Film Review: The Scent of Green Papaya
Eating, sleeping, and staying clean...Life's most basic concerns. Yet they take on a transcendent quality in this visually delicious film, known in French as L'odeur de la Papaye Verte, and in Vietnamese as Mui Du Du Xanh. With only the barest minimum of dialogue, The Scent of Green Papaya tells the 1940's story of a young orphan girl named Mui, who goes to work as a domestic servant in the troubled household of a Saigon merchant family. Under the mentorship of the family's elderly housekeeper, Mui is a quick study in becoming adept at her daily duties, which she performs with diligence and grace. Early on, she learns that the family has lost a daughter named Tó, who would have been just about Mui's age, and over time, the mother's affection for her grows, and Mui becomes like a daughter herself.
Through her eyes, we witness the day-to-day activities of the household, from the preparation of food and daily cleaning rituals, to the troubled inner workings of the family dynamics. The mother, perpetually bereaved by the loss of her young daughter, runs the family textile business. The father, a self-centered man of dubious integrity, is wont to abscond with the grocery money, to go off on gambling and philandering binges for days on end.
In the completion of her daily chores, Mui is beset by the impish antics of Tin, the family's youngest boy, and overshadowed by the brooding discontent of Lam, the older boy, over his father's frequent desertion of the family. In Mui's ten years with the family, Khuyen, the best friend of the eldest son Trung, is a frequent visitor to the household, and by the time the father succumbs to a fatal illness, Khuyen has matured into an accomplished classical musician with a spoiled debutant for a fiancée and an elegant home of his own.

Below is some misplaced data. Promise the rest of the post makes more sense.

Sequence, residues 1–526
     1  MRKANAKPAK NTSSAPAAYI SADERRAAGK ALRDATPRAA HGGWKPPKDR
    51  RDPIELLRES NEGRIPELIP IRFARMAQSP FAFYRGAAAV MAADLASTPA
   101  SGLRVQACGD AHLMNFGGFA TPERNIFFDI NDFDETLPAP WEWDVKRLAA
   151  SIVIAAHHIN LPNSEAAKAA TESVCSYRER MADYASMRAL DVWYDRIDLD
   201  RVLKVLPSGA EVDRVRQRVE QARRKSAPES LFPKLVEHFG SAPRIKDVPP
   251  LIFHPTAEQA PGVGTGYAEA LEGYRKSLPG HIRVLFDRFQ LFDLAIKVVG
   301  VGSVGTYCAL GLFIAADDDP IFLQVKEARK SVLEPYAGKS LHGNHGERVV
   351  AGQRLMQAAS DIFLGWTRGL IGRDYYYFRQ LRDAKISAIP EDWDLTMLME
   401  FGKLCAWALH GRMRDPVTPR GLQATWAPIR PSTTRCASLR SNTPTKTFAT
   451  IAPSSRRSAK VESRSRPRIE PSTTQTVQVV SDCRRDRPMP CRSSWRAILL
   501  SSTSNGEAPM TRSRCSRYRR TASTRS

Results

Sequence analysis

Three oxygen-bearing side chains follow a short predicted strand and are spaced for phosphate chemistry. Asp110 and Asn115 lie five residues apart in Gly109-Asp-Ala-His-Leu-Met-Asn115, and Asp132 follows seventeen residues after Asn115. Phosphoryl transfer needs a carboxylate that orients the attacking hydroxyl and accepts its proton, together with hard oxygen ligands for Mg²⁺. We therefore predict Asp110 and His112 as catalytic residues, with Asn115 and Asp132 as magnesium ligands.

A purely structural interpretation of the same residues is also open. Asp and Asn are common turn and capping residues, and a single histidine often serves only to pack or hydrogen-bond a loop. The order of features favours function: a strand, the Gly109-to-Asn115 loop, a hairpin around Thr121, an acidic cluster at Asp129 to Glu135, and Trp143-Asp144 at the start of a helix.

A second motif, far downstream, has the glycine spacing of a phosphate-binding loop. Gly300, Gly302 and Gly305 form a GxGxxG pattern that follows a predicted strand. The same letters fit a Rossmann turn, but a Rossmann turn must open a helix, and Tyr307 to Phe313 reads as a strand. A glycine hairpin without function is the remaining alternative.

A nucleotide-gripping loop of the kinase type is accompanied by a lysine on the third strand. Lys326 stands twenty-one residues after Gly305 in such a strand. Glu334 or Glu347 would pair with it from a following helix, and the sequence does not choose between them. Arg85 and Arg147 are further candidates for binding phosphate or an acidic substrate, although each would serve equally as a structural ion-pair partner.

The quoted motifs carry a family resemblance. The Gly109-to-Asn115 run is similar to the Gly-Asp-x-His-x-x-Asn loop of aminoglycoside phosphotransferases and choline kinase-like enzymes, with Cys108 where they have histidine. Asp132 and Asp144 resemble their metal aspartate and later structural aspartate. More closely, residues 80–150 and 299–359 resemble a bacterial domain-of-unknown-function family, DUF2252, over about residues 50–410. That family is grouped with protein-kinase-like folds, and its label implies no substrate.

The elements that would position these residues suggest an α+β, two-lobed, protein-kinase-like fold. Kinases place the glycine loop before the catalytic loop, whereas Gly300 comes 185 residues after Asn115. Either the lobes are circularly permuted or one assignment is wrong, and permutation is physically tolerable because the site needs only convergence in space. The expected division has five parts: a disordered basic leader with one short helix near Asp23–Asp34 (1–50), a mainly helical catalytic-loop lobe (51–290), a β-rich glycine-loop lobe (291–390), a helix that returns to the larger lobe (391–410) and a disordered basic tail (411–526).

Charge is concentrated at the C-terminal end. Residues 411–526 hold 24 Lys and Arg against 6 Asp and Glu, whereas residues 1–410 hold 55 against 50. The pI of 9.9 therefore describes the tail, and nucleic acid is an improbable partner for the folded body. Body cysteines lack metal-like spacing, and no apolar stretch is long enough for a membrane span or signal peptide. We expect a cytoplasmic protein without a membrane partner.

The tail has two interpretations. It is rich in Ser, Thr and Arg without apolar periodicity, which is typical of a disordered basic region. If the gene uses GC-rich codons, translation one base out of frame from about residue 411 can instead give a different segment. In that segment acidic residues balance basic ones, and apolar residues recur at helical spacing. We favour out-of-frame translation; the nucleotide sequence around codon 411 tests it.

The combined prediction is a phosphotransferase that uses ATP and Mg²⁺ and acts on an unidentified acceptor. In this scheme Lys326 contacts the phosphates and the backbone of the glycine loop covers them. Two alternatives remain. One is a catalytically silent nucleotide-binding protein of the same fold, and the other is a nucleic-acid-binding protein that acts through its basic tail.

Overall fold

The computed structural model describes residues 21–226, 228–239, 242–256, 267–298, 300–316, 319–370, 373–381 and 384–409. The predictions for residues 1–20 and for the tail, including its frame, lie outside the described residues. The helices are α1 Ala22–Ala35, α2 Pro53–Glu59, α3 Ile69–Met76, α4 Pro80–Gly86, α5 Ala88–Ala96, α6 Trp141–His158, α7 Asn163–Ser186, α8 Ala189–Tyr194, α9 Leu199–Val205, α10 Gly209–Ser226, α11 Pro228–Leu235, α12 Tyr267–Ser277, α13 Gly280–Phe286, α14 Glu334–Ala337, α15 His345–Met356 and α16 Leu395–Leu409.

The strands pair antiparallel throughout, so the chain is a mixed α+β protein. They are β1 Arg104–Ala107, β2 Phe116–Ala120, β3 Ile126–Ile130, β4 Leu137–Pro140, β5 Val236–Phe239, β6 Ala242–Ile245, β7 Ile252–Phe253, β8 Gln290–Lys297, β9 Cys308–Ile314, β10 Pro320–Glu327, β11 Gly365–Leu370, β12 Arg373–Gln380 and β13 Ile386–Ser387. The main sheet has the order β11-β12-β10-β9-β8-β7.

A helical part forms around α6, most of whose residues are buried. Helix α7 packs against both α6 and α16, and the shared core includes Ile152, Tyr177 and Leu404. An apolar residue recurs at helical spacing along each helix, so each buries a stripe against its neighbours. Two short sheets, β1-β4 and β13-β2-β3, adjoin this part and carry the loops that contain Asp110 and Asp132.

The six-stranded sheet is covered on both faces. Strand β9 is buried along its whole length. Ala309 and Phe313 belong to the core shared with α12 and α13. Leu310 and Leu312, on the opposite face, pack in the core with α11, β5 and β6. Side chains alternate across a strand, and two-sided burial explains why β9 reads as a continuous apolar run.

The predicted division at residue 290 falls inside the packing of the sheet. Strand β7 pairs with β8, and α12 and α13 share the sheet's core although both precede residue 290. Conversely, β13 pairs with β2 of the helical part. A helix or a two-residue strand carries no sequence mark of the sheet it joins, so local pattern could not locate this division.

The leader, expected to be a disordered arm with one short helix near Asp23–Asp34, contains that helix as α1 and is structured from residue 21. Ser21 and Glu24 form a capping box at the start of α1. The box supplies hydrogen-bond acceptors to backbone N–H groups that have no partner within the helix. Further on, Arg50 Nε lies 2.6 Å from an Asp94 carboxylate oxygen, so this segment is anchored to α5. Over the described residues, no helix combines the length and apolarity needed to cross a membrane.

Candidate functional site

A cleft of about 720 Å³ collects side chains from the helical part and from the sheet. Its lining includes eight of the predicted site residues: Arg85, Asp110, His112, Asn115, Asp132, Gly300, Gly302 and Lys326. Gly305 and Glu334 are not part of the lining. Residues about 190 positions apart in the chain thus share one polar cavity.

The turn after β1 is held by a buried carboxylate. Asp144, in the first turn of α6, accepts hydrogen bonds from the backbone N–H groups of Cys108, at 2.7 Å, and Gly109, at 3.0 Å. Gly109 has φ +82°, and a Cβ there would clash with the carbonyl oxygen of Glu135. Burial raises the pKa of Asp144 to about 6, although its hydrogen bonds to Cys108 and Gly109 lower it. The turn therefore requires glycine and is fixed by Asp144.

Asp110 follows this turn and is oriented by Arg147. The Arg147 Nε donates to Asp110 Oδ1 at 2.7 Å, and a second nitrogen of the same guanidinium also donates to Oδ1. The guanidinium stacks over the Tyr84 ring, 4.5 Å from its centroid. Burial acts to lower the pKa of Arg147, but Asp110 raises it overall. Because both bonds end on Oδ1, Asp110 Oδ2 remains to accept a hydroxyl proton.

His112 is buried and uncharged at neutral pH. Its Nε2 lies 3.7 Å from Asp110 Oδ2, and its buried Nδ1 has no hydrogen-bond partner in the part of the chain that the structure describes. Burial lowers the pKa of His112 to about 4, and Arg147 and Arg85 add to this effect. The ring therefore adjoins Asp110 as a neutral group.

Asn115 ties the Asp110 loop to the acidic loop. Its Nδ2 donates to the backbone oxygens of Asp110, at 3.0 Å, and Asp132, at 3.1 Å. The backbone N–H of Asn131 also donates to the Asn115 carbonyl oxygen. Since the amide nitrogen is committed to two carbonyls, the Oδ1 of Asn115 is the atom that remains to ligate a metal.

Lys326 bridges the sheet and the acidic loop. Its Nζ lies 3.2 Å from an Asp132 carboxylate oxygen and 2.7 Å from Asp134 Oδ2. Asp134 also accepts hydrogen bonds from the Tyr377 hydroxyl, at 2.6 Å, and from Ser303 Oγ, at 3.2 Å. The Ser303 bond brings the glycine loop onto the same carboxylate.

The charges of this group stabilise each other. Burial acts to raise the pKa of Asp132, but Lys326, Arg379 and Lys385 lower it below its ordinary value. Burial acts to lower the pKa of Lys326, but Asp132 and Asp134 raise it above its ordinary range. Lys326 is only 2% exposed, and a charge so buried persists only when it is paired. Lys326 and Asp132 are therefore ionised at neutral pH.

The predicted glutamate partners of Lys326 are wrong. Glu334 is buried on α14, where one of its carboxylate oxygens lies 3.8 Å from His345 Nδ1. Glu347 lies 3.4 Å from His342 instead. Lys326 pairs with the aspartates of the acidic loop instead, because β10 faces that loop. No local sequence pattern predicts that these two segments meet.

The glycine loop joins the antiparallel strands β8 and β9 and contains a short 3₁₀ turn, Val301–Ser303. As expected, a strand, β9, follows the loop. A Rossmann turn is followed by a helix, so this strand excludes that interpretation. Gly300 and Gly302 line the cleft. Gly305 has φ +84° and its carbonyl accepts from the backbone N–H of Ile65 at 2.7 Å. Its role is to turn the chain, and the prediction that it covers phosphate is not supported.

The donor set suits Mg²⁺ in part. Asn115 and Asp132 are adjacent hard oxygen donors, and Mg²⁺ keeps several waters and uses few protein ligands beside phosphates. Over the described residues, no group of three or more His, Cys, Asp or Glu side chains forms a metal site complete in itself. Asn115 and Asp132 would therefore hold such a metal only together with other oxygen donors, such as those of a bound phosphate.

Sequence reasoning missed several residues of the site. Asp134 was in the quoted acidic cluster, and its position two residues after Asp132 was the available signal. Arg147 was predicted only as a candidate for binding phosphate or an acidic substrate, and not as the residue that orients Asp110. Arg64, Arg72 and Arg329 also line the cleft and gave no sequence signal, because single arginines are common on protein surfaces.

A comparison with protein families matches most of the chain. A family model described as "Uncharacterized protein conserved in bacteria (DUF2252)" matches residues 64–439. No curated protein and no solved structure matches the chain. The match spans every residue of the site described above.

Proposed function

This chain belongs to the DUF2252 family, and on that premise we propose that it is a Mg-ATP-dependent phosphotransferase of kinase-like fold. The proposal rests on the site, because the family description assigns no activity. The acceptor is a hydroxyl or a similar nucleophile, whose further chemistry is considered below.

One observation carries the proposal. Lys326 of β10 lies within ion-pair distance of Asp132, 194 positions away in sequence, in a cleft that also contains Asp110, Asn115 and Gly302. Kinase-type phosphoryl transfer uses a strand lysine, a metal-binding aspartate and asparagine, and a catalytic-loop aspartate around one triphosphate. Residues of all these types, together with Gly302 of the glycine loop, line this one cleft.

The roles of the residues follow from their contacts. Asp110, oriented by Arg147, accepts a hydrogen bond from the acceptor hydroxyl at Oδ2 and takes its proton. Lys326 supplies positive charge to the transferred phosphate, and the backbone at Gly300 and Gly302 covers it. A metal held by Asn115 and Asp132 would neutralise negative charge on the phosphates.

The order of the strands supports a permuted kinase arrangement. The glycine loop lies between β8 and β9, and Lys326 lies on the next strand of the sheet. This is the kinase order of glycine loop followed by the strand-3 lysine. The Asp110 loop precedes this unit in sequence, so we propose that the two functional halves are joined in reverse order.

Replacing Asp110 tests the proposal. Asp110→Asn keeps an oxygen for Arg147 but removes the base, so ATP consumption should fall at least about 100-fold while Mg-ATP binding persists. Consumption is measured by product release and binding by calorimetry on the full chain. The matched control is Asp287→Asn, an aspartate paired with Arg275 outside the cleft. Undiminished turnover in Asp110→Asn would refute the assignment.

The death of the father leaves the family in financial straits, and Mui is sent to work as a domestic servant in Khuyen's home, where his fiancée regards her ubiquitous presence as a threat to her relationship with Khuyen. With Mui now grown into a stunning young woman, it is only a matter of time before Khuyen recognizes the beauty before him.
The story is a simple one, without guile or subterfuge, so there is no need for deep analysis of symbols and metaphors. What makes the Scent of Green Papaya a work of art is the way that the cinematography showcases the lush and lovely sets, and most especially, the magically playful musical score, which adds an air of whimsy to otherwise mundane moments. Together, they capture the essence of everyday life in post-colonial Vietnam, yet ironically, the Scent of Green Papaya was filmed in its entirety on a sound stage in Paris.
The Scent of Green Papaya was directed by Anh Hung Tran, who was born in Vietnam and relocated to Paris with his family at age six. His other films include Cyclo (Xich Lo, 1995) and Vertical Ray of the Sun (Mua He Chieu Thang Dung, 2000), which also star Tran Nu Yen-Khe, the director's real-life wife. The performance by Man San Lu as the 10-year-old Mui brings a fresh naiveté to the first half of the film, and oddly enough, for all its flawless performances and perfectly cast characters, The Scent of Green Papaya was the first and only role for most if not all of the actors. None of them except Tran Nu Yen-Khe have gone on to make a second film.
Nominated for an Academy Award for Best Foreign Language Film, and winner of the Golden Camera Award at the 1993 Cannes Film Festival, the Scent of Green Papaya is a delight and treasure. Any Asian film collection would be incomplete without it.
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The Scent of Green Papaya is available on both VHS and DVD at Amazon.com.
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